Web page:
U.S. hospitals are closely watching their mask supplies. According to the initial findings of a survey of more than 4,000 hospitals Premier Inc. ran in conjunction with the U.S. CDC and FDA, most hospitals have more than a week of inventory, but are managing and rationing mask usage to prevent shortages. Powell says that the demand for N95 masks by the U.S. healthcare system is estimated to be somewhere between 25 million and 40 million each year.

“I’m getting calls from large hospitals that used to not even answer my phone calls,” Prestige Ameritech’s Bowen says.

On Tuesday, U.S. health officials said that Americans should prepare for the the coronavirus to begin spreading locally. Health and Human Services Secretary Alex Azar reportedly told Congress Tuesday that the U.S. has far fewer medical masks than it would need in the case of a major outbreak in the country. The country has a stockpile of about 30 million N95 masks, but might need as many as 300 million during the outbreak, he said.

Bowen says that he hopes the crisis is a wake up call for U.S. hospitals who have been purchasing masks from overseas suppliers.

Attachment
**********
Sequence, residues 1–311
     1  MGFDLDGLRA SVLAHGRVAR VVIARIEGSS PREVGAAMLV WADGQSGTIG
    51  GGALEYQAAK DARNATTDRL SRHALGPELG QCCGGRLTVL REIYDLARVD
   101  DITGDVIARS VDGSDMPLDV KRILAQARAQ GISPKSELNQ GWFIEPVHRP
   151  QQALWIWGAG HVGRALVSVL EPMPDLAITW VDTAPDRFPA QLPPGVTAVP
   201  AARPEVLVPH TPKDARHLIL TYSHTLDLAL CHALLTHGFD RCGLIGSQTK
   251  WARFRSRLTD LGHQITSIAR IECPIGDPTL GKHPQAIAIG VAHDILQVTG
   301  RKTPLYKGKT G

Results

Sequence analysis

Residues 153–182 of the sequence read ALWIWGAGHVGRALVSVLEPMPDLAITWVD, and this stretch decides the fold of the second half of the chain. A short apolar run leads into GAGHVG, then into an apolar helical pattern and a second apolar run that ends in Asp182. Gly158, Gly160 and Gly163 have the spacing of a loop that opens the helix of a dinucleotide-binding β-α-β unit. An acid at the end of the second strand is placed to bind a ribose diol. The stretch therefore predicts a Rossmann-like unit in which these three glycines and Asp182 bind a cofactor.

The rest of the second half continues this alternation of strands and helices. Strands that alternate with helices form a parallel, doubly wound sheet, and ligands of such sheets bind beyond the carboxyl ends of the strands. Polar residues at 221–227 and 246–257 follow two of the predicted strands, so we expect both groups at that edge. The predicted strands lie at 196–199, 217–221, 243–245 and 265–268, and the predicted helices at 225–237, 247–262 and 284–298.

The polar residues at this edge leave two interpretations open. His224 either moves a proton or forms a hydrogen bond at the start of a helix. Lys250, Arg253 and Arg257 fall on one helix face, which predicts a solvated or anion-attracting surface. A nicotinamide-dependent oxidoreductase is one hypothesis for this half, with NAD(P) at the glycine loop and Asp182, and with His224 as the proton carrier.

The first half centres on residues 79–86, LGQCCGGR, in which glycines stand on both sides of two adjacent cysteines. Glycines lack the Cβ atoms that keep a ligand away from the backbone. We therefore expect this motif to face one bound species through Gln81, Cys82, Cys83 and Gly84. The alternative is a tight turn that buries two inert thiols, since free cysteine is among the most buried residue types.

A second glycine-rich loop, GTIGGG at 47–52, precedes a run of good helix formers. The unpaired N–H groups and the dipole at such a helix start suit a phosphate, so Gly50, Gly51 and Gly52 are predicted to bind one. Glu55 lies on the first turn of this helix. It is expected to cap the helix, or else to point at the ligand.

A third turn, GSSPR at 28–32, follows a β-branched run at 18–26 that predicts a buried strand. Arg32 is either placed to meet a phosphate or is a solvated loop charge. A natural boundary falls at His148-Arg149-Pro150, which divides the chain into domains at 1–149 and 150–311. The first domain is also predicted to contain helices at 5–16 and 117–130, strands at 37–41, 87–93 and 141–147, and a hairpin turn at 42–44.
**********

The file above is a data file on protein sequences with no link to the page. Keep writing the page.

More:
“What’s the difference between a Chinese mask and an American-made mask?” he asks. “Well, the main difference is [American-made masks are] here, and they’ll be available when China has a pandemic.”

By Amy Gunia / Hong Kong February 27, 2020 1:42 AM EST

Source: The Global Shortage of Medical Masks Won’t Be Easing Soon

Subscribe to our YouTube channel for free here: https://sc.mp/subscribe-youtube The demand for face masks has continued to surge in many places around the world including Hong Kong, Japan and Australia as the Wuhan coronavirus outbreak has spread. Follow us on: Website: https://scmp.com Facebook: https://facebook.com/scmp Twitter: https://twitter.com/scmpnews Instagram: https://instagram.com/scmpnews Linkedin: https://www.linkedin.com/company/sout…

Advertisements

How Bill Gates Aims to Save $233 Billion By Reinventing the Toilet – Jason Gale

1.jpg

Bill Gates thinks toilets are a serious business, and he’s betting big that a reinvention of this most essential of conveniences can save a half million lives and deliver $200 billion-plus in savings. The billionaire philanthropist, whose Bill and Melinda Gates Foundation spent $200 million over seven years funding sanitation research, showcased some 20 novel toilet and sludge-processing designs that eliminate harmful pathogens and convert bodily waste into clean water and fertilizer. The technologies you’ll see here are the most significant advances in sanitation in nearly 200 years,” Gates, 63, told the Reinvented Toilet Expo in Beijing on Tuesday………..

Read more: https://www.bloomberg.com/news/articles/2018-11-06/bill-gates-aims-to-save-233-billion-by-reinventing-the-toilet

 

 

 

 

Your kindly Donations would be so effective in order to fulfill our future research and endeavors – Thank you

%d bloggers like this:
Skip to toolbar